The final results of HOPE, a phase 3 open-label extension trial, show high uptake and lower-than-anticipated HIV-1 incidence.
In 2016, ASPIRE (A Study to Prevent Infection with a Ring for Extended Use [MTN-020]) demonstrated that a monthly vaginal ring containing 25 mg of dapivirine used regularly could safely and effectively reduce a woman’s risk of acquiring HIV-1 infection by up to 56%.
Now, final results of HOPE (HIV Open-label Prevention Extension [MTN-025]), a phase 3 open-label extension trial, show high uptake and lower-than-anticipated HIV-1 incidence among women in southern and eastern Africa who used the ring continuously for 4 weeks and then swapped it out for a new one. The findings were presented at the 10th IAS Conference on HIV Science (IAS 2019).
Launched in July 2016 and concluded in August 2018, HOPE offered 1456 HIV-1-uninfected women who had participated in ASPIRE 12 months of access to the dapivirine vaginal ring at 14 sites in Malawi, South Africa, Uganda, and Zimbabwe. Median age of participants was 31 years.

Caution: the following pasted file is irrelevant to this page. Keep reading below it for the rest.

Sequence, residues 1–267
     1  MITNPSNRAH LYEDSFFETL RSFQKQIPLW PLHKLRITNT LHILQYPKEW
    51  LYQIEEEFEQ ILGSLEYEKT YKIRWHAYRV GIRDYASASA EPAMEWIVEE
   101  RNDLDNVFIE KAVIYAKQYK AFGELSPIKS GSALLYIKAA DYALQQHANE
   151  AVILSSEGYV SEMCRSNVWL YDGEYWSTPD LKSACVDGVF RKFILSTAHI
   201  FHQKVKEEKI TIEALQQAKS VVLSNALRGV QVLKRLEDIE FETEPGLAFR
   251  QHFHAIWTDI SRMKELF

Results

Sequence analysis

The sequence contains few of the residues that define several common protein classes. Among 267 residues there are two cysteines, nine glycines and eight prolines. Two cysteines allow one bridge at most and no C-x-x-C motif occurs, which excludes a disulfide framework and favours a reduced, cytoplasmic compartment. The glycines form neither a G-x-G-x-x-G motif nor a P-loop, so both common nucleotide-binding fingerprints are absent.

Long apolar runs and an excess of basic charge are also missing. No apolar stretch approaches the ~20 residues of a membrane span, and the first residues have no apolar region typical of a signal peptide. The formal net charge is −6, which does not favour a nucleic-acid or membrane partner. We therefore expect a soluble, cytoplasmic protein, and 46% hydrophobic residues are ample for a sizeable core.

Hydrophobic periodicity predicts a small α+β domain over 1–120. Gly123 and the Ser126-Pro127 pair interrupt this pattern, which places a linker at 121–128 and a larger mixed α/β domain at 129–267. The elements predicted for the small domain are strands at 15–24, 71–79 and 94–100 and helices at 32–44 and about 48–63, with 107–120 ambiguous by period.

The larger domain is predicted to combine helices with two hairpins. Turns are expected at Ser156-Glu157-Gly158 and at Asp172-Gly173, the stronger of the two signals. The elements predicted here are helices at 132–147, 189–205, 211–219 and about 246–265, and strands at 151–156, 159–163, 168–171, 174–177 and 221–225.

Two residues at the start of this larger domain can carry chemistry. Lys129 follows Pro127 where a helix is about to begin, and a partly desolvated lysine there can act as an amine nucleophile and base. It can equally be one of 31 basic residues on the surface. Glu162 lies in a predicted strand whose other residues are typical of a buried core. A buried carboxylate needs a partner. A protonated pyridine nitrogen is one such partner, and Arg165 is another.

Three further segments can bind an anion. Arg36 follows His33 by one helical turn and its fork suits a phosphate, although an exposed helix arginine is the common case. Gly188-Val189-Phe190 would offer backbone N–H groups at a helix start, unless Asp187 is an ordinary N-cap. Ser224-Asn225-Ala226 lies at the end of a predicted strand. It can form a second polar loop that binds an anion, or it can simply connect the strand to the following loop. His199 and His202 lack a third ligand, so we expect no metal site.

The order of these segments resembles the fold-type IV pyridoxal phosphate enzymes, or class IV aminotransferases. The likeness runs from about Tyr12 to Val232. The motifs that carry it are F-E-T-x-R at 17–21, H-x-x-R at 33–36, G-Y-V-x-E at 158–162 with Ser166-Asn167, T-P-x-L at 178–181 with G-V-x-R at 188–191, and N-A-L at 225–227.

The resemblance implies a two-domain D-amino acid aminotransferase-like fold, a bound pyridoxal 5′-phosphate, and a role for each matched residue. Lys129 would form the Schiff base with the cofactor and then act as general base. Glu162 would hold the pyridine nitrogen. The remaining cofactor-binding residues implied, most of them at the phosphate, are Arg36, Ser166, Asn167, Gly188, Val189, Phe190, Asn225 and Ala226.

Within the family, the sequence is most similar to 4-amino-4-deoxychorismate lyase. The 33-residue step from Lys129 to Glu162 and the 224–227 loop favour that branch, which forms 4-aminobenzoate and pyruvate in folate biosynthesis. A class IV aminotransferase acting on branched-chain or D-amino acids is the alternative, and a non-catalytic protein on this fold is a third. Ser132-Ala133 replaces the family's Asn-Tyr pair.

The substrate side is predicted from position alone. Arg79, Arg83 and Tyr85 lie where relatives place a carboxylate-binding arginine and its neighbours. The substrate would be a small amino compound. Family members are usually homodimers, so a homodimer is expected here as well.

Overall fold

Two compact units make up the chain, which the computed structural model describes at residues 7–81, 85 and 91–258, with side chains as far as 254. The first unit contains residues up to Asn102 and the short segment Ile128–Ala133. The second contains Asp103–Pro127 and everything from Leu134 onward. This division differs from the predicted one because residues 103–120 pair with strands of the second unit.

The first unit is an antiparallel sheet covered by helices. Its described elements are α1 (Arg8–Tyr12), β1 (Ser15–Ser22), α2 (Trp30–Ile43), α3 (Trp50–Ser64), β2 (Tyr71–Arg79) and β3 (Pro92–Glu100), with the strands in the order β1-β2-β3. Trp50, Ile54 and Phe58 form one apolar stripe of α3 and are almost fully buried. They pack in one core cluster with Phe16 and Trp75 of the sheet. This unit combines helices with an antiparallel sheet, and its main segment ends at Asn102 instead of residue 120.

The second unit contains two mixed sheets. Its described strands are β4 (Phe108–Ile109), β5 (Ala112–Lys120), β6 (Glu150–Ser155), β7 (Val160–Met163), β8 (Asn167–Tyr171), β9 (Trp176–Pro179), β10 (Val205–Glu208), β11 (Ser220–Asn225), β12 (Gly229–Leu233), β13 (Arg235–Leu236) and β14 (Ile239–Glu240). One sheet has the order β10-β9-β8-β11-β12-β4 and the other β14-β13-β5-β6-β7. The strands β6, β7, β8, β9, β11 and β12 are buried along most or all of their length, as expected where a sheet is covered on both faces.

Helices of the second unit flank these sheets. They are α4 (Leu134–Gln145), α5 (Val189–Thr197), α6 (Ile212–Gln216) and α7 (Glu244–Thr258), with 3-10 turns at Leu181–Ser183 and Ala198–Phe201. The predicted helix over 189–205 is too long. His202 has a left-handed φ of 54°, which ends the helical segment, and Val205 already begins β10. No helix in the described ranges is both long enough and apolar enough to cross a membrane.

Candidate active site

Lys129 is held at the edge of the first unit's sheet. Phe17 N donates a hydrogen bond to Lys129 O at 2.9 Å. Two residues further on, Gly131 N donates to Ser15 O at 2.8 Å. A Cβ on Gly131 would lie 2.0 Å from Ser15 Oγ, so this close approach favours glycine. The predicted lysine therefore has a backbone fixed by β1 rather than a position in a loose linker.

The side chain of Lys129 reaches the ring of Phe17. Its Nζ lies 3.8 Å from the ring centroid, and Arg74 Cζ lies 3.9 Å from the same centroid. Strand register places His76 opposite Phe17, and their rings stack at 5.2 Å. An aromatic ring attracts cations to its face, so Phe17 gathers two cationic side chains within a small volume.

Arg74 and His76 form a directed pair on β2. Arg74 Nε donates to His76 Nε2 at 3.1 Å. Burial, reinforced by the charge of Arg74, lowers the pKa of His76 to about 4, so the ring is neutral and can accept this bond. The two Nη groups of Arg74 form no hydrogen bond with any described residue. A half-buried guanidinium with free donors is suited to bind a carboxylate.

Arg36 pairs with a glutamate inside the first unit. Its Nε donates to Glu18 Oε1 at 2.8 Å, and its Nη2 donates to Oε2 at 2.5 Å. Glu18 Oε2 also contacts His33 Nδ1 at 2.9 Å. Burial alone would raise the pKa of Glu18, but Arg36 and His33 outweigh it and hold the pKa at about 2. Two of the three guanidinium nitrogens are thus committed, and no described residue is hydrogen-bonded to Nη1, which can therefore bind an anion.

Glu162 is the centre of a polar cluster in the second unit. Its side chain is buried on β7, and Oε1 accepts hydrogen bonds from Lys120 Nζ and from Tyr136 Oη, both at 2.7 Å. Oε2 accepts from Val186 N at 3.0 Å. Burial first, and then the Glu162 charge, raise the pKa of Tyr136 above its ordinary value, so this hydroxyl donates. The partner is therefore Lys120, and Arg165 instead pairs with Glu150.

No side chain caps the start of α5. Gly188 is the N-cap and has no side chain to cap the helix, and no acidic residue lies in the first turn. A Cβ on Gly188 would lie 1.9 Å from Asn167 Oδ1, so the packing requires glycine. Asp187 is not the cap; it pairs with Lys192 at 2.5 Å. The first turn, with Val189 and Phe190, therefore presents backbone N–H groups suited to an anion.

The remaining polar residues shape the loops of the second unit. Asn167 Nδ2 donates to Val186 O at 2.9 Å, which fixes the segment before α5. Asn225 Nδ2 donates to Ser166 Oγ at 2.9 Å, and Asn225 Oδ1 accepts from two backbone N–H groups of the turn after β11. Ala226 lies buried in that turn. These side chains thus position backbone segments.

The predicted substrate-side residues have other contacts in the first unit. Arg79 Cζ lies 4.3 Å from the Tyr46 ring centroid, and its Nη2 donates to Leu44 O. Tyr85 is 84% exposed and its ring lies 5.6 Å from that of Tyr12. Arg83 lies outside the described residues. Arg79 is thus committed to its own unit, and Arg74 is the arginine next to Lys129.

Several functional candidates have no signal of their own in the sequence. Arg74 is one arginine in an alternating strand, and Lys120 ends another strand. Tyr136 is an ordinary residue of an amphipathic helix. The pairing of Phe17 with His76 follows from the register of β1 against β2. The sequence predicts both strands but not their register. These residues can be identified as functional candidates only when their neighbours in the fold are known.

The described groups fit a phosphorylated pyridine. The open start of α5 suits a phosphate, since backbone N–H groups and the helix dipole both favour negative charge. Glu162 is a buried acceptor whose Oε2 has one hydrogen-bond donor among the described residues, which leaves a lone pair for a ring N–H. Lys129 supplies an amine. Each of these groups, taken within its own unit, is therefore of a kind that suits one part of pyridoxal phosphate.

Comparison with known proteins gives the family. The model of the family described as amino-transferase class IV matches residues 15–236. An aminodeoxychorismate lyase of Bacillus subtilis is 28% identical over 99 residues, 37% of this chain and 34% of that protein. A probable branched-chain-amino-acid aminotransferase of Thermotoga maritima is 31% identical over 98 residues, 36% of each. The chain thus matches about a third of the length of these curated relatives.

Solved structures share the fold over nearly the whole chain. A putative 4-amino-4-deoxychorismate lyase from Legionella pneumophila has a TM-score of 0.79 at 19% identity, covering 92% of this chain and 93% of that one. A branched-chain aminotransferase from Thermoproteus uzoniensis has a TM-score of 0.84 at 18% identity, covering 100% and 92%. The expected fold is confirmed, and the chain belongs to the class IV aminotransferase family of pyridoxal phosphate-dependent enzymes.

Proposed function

Participants returned used rings at study visits (once a month for 3 months, and then quarterly) so investigators could test residual levels of dapivirine. The research team also performed HIV-1 serologic testing at each visit, and collected archived, frozen plasma samples quarterly to test for HIV-1 RNA with greater precision.
A total of 1342 (92%) women accepted the dapivirine ring at baseline, with 90%, 89%, 87%, 83%, and 79% acceptance at months 1, 2, 3, 6, and 9, respectively, while 86% of returned rings displayed residual dapivirine levels consistent with some use in the prior month (>0.9 mg released).
Thirty-five HIV infections were observed (incidence 2.7 per 100 person-years, 95% Confidence Interval [CI] 1.9-3.8), a statistic that fell below the expected incidence rate of 4.4 per 100 person-years (95% CI 3.2-5.8) in the absence of access to a dapivirine vaginal ring. According to investigators, incidence of ≤2.7 would be expected to occur in fewer than 33 in 10,000 samplings (0.33%).
HIV prevention modalities that don’t involve a daily pill burden are needed in places where individuals may not have easy access to health care. The HOPE results support the dapivirine vaginal ring as a potential option.
The study, “High adherence and sustained impact on HIV-1 incidence: Final results of an open-label extension trial of the dapivirine vaginal ring,” was presented Tuesday, July 23 2019, at IAS 2019 in Mexico City, Mexico.